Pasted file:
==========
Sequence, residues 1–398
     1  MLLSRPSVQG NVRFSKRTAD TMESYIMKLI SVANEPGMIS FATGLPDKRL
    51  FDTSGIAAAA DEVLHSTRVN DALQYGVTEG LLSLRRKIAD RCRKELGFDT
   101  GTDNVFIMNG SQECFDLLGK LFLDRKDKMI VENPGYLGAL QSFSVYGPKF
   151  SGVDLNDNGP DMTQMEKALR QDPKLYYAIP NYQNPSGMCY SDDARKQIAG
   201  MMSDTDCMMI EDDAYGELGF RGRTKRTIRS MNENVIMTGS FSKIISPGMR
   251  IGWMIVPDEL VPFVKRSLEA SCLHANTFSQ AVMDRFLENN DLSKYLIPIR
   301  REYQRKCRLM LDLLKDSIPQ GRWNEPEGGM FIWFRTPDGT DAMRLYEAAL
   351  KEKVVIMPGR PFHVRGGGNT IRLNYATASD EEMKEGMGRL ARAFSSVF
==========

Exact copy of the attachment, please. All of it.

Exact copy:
Sequence, residues 1–398
     1  MLLSRPSVQG NVRFSKRTAD TMESYIMKLI SVANEPGMIS FATGLPDKRL
    51  FDTSGIAAAA DEVLHSTRVN DALQYGVTEG LLSLRRKIAD RCRKELGFDT
   101  GTDNVFIMNG SQECFDLLGK LFLDRKDKMI VENPGYLGAL QSFSVYGPKF
   151  SGVDLNDNGP DMTQMEKALR QDPKLYYAIP NYQNPSGMCY SDDARKQIAG
   201  MMSDTDCMMI EDDAYGELGF RGRTKRTIRS MNENVIMTGS FSKIISPGMR
   251  IGWMIVPDEL VPFVKRSLEA SCLHANTFSQ AVMDRFLENN DLSKYLIPIR
   301  REYQRKCRLM LDLLKDSIPQ GRWNEPEGGM FIWFRTPDGT DAMRLYEAAL
   351  KEKVVIMPGR PFHVRGGGNT IRLNYATASD EEMKEGMGRL ARAFSSVF